SALEM, Ore. – Forty activists and community members gathered in Bush’s Pasture Park the afternoon of July 3 to greet the Friendshipment Caravan, a humanitarian aid convoy originating in Canada and bound for Cuba. Attendees enjoyed a picnic dinner and a performance by local musicians, before hearing speakers from the Caravan, and from the Willamette Reds, a grass-roots progressive community organization in Salem, which hosted the event.
The 23rd annual Caravan, operated by Pastors for Peace, an international community organization, is bringing humanitarian aid donated across Canada, the United States, and Mexico to Cuba in a “disciplined act of civil disobedience” against the US embargo of that country, now in its 52nd year. The aid includes medical equipment, wheelchairs, educational materials, and sporting goods, items difficult for Cuba to import under the embargo.
It was allegedly the sporting goods that caused some trouble with US customs at the US-Canadian border in Vancouver on July 1st, according to Noah Fine, a member of the caravan from British Columbia. The caravan was denied entry into the US because of concerns that the caravan organizers intended to sell the sporting goods in the United States, and thus needed to pay for an import permit. They refused, which began a 24-hour standoff, with caravan supporters camping on both sides of the border in protest of the border closing.
Public pressure in the form of the protest and phone calls from supporters in both countries led to the caravan being allowed to cross the border on July 2. Despite the cited concerns about the sporting goods, however, some border crossing officials admitted that they had specific instructions to block the caravan, and that those instructions were politically motivated.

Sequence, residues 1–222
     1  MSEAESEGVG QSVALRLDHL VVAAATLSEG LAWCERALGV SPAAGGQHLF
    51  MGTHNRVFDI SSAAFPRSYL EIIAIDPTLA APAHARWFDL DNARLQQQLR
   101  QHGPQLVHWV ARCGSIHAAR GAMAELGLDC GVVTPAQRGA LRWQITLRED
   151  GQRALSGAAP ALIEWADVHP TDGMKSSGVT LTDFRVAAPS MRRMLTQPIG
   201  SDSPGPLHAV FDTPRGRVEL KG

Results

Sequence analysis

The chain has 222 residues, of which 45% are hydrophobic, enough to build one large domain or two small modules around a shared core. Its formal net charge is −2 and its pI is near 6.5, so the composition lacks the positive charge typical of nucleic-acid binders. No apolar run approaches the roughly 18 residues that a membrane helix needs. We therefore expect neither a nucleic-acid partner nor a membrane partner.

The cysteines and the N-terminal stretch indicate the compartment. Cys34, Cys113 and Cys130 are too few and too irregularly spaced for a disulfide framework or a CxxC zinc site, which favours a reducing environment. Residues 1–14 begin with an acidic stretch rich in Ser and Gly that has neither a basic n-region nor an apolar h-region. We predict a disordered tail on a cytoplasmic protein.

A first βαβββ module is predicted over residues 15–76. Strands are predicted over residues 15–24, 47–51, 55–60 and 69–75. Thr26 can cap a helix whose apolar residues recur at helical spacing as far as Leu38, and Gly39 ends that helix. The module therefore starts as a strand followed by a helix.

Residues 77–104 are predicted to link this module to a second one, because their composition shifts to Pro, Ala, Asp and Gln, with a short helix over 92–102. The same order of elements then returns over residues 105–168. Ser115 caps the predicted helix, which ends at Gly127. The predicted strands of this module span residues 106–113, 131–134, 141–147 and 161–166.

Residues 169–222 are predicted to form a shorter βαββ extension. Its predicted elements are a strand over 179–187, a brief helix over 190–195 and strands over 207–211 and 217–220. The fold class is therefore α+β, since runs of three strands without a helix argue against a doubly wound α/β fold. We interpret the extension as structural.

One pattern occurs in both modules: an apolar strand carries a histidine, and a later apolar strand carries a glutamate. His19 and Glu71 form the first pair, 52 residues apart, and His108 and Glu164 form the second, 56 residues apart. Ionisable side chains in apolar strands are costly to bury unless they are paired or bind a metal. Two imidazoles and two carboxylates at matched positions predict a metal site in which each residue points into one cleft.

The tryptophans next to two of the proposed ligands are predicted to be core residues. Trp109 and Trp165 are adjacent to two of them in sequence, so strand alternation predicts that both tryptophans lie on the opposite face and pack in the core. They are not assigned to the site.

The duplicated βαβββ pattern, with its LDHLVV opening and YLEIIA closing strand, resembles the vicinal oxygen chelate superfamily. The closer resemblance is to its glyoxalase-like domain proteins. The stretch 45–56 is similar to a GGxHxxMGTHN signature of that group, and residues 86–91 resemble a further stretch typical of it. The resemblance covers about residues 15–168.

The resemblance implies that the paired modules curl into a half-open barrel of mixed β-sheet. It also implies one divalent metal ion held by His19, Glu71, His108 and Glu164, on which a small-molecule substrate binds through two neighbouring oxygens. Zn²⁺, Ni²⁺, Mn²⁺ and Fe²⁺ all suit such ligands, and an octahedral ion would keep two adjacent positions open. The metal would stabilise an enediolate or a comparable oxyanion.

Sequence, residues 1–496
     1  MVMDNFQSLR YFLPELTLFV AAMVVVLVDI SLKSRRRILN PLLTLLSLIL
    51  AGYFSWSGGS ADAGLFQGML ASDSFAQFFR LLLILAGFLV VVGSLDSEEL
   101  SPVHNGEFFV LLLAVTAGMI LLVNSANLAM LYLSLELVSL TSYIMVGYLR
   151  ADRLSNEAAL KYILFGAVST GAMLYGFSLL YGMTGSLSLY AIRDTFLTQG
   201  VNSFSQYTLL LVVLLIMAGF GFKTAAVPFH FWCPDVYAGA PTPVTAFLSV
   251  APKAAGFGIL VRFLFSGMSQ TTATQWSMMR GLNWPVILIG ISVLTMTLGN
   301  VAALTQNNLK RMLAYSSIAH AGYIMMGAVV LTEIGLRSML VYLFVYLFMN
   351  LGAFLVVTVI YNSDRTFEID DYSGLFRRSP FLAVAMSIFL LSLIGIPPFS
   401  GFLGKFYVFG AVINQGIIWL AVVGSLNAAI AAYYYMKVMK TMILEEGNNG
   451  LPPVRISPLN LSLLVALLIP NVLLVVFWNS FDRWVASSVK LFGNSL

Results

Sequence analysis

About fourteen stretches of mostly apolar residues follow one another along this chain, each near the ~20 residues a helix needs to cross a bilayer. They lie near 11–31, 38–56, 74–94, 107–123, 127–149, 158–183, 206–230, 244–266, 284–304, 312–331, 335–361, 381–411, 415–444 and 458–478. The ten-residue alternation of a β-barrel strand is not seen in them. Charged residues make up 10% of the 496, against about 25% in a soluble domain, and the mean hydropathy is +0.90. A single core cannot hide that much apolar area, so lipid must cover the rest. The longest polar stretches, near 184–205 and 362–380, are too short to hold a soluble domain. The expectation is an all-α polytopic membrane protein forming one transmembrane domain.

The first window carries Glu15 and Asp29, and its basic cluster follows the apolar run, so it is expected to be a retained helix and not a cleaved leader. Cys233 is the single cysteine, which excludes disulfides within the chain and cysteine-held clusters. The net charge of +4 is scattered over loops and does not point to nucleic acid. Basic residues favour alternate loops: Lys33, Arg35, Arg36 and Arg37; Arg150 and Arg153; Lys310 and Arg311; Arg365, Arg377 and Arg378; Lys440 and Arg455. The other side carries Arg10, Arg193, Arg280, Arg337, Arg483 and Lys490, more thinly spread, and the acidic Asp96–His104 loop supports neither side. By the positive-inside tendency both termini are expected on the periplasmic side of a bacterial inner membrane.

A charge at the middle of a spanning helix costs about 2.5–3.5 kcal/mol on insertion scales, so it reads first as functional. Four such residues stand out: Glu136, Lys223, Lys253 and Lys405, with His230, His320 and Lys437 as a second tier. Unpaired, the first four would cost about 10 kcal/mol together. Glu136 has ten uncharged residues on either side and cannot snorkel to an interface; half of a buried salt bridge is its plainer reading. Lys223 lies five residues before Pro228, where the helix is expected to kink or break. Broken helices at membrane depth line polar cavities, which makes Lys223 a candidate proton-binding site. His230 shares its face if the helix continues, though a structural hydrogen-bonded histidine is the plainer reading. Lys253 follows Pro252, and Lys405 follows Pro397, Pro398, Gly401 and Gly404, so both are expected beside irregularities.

The caravan is made up of over seventy activists from many nations, including the UK and Germany as well as Canada, the US and Mexico, according to Jen Wager, an organizer with the group. The caravan members, who call themselves “Caravanistas,” advocate for the immediate lifting of “el bloqueo,” the blockade, and normalization if US relations with Cuba. They travel to Cuba along with the material aid as goodwill ambassadors, to show solidarity with people who, despite being separated from the United States by a bare seventy miles of ocean, see relatively few Americans.
Nine separate caravans will visit over ninety US cities throughout July, before converging in McAllen, Tex., to cross into Mexico before flying to Cuba. They are accepting material donations (a list of needed items is available from their website), as well as cash donations to help cover the costs of the caravan.
The event in Salem collected several hundred dollars for the Caravan, in what Charles Wynns, a member of the Willamette Reds, described as “the way social justice movements have been funded from the start; by passing the hat!”
Photo: Caravan buses are painted with slogans. IFCO/Pastors for Peace Facebook page.